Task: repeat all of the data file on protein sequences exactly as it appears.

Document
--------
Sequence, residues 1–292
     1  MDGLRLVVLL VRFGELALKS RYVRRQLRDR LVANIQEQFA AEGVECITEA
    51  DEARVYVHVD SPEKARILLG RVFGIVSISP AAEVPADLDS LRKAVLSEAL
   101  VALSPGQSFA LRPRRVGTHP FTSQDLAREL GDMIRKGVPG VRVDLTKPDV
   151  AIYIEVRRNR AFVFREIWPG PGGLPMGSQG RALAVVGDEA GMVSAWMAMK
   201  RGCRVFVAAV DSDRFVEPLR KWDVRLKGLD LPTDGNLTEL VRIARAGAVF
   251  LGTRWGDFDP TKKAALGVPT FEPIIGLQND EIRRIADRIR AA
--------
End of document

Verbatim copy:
Sequence, residues 1–292
     1  MDGLRLVVLL VRFGELALKS RYVRRQLRDR LVANIQEQFA AEGVECITEA
    51  DEARVYVHVD SPEKARILLG RVFGIVSISP AAEVPADLDS LRKAVLSEAL
   101  VALSPGQSFA LRPRRVGTHP FTSQDLAREL GDMIRKGVPG VRVDLTKPDV
   151  AIYIEVRRNR AFVFREIWPG PGGLPMGSQG RALAVVGDEA GMVSAWMAMK
   201  RGCRVFVAAV DSDRFVEPLR KWDVRLKGLD LPTDGNLTEL VRIARAGAVF
   251  LGTRWGDFDP TKKAALGVPT FEPIIGLQND EIRRIADRIR AA